You're bitten by a brown recluse -- what do you do? Freak out? Panic? Run around the room?
Probably not, because you won't even know you've been bitten. The bite of the brown recluse, unlike those of other venomous animals, is typically painless. The fangs are small, and you are likely to be asleep, since these spiders don't bite unless they're pressed against your skin and trapped, as they could be when they get tangled up in your bedsheets.
So the bite isn't painful, and here's some more good news -- recent studies are showing that the majority of brown recluse bites never develop into a serious or even noticeable situation, but simply fade away as the venom gets eliminated from your body. In addition, some terrible-looking bites, with huge wounds that don't seem to heal, may really be due to other causes, such as diabetes or staph infections. That may be cold comfort for you if you're dealing with a serious wound, but from the spider's point of view, it's highly relevant: don't blame these little guys for every bad situation!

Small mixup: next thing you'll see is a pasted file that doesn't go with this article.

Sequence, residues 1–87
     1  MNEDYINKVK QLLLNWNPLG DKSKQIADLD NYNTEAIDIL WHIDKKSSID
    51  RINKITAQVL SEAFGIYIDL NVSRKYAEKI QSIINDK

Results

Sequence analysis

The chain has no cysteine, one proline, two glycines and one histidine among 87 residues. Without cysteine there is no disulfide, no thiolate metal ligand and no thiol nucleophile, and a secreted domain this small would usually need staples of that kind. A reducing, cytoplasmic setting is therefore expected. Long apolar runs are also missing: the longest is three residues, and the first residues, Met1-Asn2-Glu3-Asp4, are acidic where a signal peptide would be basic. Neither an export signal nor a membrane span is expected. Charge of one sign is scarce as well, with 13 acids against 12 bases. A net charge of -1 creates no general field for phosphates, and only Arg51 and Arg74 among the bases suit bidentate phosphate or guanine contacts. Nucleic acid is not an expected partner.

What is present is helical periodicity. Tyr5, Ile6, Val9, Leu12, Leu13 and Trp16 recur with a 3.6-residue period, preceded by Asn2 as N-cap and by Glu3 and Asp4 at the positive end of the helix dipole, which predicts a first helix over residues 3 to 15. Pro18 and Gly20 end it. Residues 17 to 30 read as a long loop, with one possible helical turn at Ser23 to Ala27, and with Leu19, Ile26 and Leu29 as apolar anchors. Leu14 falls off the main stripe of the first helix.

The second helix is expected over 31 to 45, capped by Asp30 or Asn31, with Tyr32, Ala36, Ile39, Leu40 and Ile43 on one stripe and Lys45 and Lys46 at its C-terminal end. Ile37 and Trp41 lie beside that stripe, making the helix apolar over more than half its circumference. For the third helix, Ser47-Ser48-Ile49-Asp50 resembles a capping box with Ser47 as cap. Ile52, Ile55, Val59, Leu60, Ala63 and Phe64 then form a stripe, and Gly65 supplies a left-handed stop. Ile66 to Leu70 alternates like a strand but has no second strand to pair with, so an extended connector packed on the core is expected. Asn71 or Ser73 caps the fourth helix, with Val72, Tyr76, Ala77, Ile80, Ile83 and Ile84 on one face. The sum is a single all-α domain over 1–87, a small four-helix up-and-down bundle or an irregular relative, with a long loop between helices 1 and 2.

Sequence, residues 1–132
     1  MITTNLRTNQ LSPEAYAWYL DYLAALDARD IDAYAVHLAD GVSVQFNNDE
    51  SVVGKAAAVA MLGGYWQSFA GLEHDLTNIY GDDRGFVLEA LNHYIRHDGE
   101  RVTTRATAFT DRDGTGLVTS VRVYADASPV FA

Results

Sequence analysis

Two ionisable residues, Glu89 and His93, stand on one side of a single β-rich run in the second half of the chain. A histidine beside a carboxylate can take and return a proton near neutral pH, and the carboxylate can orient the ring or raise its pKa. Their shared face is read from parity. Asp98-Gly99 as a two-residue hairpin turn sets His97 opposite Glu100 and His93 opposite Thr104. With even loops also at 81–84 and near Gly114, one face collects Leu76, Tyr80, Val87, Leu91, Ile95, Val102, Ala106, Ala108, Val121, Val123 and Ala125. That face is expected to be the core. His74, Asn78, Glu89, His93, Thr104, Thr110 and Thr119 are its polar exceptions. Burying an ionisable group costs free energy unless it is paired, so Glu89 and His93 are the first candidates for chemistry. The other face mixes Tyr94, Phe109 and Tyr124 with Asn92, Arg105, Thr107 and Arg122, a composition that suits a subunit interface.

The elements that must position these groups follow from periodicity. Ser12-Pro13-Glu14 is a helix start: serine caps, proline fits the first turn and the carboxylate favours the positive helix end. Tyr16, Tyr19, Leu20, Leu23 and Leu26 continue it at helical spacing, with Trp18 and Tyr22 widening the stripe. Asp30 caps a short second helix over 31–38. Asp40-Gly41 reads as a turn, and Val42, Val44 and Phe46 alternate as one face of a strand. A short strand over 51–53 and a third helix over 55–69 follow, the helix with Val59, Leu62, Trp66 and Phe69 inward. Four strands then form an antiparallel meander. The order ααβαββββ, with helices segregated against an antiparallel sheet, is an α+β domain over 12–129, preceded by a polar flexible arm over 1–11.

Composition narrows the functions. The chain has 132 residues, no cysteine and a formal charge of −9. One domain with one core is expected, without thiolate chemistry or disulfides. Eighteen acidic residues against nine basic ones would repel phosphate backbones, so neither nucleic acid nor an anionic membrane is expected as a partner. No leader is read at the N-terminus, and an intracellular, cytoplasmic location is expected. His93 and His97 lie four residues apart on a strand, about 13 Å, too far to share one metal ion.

But if you do have a bite you know about, get an ice pack on it to minimize swelling and slow the spread of venom. Keep the spider to show the doctors, and head straight to the emergency room!
Have You Ever Found a Brown Recluse?
Have you ever encountered a brown recluse spider?
The Black Widow Spider - Learn about bite symptoms, life history, and control of this spider
The black widow spider lives in dark corners in your garage or basement. Their tangled webs snare the passing insects on which they feed. Click here to learn more about the black widow!